This project investigates the European Union’s “comprehensive approach” to asylum and migration policy after the outbreak of the refugee crisis. Following the unprecedented inflow of migrants, the EU has matched the external dimension – border protection and cooperation with third countries – with a growing concern for the internal dimension, referring in particular to legislative reforms and the appropriate balance between solidarity and responsibility.
Rather than a single entity, the EU has become increasingly divided over the implementation of the comprehensive approach. While acknowledging the need to cooperate on the European level, Member States are also driven by domestic interests in view of the increasing politicisation of immigration. Certain Member States focus on border protection, others insist on fair burden-sharing. Hence, various legal and political contexts (spheres of governance) have emerged that need to be reconciled with one another.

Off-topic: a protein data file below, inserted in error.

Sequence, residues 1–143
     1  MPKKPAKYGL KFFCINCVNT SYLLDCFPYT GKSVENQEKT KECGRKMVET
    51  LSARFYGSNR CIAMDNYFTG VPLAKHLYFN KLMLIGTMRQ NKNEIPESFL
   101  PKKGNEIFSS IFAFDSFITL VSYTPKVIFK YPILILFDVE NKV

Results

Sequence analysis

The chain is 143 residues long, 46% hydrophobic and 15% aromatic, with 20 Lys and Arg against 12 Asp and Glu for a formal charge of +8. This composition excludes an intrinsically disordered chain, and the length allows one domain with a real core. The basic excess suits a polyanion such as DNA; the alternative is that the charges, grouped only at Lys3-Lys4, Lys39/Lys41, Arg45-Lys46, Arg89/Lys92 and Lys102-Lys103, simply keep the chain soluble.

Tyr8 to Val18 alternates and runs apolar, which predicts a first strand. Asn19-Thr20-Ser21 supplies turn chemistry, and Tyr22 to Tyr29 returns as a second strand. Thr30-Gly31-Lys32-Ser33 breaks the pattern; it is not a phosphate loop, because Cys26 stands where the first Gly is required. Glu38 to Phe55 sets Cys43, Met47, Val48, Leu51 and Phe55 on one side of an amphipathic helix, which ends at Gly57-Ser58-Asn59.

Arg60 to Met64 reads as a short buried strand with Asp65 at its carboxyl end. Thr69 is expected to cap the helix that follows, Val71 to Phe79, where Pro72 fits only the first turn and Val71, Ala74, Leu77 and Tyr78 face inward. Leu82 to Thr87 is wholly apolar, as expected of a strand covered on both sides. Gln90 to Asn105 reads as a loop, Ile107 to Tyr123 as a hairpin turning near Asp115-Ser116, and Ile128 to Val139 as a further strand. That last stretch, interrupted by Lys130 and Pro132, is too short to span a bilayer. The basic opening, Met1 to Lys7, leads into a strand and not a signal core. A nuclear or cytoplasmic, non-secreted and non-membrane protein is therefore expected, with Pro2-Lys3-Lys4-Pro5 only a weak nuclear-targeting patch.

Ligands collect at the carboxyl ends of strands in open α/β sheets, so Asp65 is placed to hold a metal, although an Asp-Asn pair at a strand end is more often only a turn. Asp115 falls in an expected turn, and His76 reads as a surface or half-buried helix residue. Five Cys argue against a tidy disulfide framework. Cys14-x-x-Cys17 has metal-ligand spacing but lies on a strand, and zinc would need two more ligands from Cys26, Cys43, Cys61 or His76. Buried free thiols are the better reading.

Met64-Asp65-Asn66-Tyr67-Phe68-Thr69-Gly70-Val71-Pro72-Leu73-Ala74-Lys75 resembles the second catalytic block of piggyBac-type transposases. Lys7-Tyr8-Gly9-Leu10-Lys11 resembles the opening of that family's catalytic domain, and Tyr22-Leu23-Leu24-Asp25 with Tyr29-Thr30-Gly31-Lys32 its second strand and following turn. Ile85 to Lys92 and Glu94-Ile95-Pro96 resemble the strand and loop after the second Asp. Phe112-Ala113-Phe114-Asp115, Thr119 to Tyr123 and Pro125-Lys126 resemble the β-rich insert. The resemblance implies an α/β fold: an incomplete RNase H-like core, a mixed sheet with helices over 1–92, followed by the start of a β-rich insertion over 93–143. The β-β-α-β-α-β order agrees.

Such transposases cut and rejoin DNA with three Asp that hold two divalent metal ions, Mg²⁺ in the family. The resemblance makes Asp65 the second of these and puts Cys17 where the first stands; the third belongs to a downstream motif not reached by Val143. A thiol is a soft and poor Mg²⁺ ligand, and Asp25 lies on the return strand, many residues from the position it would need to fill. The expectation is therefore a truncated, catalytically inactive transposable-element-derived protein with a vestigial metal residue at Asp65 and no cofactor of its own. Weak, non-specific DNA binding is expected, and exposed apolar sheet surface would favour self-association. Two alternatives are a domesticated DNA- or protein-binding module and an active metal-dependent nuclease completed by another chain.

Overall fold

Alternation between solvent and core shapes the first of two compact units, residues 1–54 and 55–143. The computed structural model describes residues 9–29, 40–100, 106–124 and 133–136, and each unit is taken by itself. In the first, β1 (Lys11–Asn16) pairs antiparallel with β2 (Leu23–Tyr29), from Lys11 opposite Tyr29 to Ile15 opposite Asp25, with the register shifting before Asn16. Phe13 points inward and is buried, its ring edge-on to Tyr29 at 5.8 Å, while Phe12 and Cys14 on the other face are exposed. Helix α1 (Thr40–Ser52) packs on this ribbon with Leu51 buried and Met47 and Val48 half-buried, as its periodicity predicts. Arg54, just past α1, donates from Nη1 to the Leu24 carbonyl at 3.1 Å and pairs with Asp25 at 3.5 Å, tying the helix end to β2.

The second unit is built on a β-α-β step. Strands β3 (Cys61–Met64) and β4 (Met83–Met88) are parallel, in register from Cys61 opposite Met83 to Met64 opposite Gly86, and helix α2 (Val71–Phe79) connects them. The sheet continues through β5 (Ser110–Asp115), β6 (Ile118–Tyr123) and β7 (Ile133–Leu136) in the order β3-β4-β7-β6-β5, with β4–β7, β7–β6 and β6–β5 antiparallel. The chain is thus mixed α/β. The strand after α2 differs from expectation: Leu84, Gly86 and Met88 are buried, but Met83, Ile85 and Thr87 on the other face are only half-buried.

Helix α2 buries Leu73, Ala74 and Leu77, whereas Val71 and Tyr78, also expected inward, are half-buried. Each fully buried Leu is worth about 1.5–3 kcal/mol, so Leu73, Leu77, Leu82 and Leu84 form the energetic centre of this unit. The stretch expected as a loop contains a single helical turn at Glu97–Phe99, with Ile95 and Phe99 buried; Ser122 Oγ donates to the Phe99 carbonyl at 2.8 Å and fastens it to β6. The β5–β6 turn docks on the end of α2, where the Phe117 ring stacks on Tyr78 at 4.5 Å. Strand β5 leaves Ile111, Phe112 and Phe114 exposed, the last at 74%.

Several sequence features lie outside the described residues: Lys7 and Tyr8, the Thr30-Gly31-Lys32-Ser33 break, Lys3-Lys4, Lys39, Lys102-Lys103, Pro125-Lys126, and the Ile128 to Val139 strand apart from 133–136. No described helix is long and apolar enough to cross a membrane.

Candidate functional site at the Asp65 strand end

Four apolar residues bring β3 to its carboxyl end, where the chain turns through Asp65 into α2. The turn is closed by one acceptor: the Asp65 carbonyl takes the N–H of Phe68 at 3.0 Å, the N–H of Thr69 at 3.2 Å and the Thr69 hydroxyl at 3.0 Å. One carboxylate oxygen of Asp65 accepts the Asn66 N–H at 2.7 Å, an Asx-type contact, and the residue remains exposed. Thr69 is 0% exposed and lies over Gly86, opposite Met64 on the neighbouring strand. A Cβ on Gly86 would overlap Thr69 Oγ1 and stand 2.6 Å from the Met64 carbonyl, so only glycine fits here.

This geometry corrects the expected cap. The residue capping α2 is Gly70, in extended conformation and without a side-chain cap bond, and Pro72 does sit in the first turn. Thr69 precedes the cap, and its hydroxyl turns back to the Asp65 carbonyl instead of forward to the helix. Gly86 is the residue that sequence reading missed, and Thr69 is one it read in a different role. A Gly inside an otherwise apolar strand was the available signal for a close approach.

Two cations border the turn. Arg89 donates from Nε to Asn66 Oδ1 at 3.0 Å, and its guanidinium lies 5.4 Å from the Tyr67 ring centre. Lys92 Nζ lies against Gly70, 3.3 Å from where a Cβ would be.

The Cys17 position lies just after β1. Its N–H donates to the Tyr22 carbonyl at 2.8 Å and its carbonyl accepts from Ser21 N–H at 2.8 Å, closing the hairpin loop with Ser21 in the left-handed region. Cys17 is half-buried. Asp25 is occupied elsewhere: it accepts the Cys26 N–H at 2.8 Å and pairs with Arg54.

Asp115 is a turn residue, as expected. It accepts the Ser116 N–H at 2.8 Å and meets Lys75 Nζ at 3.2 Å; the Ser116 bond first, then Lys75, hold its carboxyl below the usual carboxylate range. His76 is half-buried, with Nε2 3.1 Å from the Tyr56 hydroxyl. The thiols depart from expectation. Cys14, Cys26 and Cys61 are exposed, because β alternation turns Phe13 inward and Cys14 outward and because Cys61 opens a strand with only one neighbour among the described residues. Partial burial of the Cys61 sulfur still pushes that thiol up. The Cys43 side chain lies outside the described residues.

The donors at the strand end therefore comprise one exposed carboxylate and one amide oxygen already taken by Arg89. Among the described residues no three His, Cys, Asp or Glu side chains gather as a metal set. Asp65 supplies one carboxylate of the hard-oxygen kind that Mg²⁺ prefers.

The research analyses how Member States move between the various spheres of governance. More specifically, it maps the instruments of the comprehensive approach and analyses their interaction. The question arises whether the increasing use of informal, flexible arrangements challenges the role of law in EU migration management. As a next step, the thesis evaluates to what extent the informal sphere of Member States should be integrated into the EU legal order, considering possible tensions between the rule of law and the legitimacy of law- and policy-making.